Phony check fraud is surging. Here’s how to spot this scam.
Get the facts on fake check fraud at FakeChecks.org
What do Alcoa, Welch’s and Bank of America have in common? They all have had their corporate identities stolen and placed on fake checks in a new scam that rips off consumers.
The average victim of this type of con — in which people trade their own cash for a counterfeit check — loses from $3,000 to $4,000, according to the National Consumers League (NCL). And consumers aren’t the only ones who suffer. The reputations of legitimate corporations whose names are being hijacked are also tarnished. Our own company, Reader’s Digest, has fallen victim to these thieves, as have other well-known firms.
“We are highly concerned about reports of scam artists using our name and good reputation to try and deceive consumers through these fake check scams,” says Chris Irving, a senior executive with Publishers Clearing House. “If you have received what appears to be a legitimate check with a request to send a portion of that check back, stop immediately.”
Too Good to Be True
There are several versions of the scam, which is spreading, probably because technology allows hustlers to create convincing counterfeits.
In one scenario, a potential victim gets an unexpected check from what looks to be a trusted source. The check is labeled as an award, prize, lottery or other windfall.
The “lucky winner” is instructed to deposit the check into a personal account and then wire back a portion of the funds to cover fees, taxes or other charges.
Inevitably, once the money is sent, the bank discovers that the check is a fake. By law, the person who deposited it must repay the funds.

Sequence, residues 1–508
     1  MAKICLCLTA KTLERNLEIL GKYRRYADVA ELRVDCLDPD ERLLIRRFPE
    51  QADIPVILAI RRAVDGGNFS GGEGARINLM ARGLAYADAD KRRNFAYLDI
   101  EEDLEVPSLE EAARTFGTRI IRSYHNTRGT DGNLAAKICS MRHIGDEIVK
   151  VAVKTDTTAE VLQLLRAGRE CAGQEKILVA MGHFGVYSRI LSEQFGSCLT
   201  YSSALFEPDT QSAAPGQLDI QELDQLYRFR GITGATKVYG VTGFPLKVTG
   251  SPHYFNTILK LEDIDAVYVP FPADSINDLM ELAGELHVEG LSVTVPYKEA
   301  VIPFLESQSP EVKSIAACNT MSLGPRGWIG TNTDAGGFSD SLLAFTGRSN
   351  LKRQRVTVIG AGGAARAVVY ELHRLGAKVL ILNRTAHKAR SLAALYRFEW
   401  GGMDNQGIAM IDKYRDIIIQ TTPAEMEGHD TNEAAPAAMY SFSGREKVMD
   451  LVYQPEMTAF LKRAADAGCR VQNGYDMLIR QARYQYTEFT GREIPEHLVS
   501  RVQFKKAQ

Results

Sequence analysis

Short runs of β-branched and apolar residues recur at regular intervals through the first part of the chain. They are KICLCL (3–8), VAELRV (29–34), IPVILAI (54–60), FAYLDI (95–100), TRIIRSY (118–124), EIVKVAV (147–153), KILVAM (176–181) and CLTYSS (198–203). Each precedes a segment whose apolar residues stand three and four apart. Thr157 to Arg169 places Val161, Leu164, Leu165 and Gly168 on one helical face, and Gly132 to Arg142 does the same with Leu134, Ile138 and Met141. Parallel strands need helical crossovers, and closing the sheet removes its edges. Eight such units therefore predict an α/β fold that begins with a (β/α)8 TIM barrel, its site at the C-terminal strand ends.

In another version, a person selling an item on eBay or via an online classified ad is contacted by a potential buyer who offers to pay by check. The catch: This person insists on sending a check for more than the purchase price and wants the extra amount wired back. The seller who agrees to this deal later learns the check is no good.
In yet another version, scammers recruit so-called secret shoppers. Each is sent a check and instructed to cash it and wire most of it back to the sender. They’re also told to keep a portion as payment for rating the performance of the person who handles the transaction. The check, of course, proves to be bogus.
Fake corporate checks are so real-looking, they fool even bank tellers. Counterfeit cashier’s checks are also popular with these con artists, who are savvy about bank rules. In many cases, the amount of a cashier’s check must be posted to a depositor’s account by the next business day, before anyone is likely to verify its legitimacy.
Such swindles are on the rise: The NCL says that from 2005 to 2006, fake check cons shot from fifth place to first on its list of the most common telemarketing scams. Adds Steve Baker, director of the FTC’s Midwest region: “We became aware of these schemes about three or four years ago, and lately, the incidence is really going up.”
How to protect yourself
- Discard offers from sources that ask you to pay fees, taxes or other charges to claim a prize. No legitimate company would do that.
- If selling something, never accept more than the sale price.
- If accepting payment by check, ask for one drawn on a local bank or on a bank with a local branch. That lets you personally verify the check’s validity.
- And remember, if something seems too good to be true, most likely it is.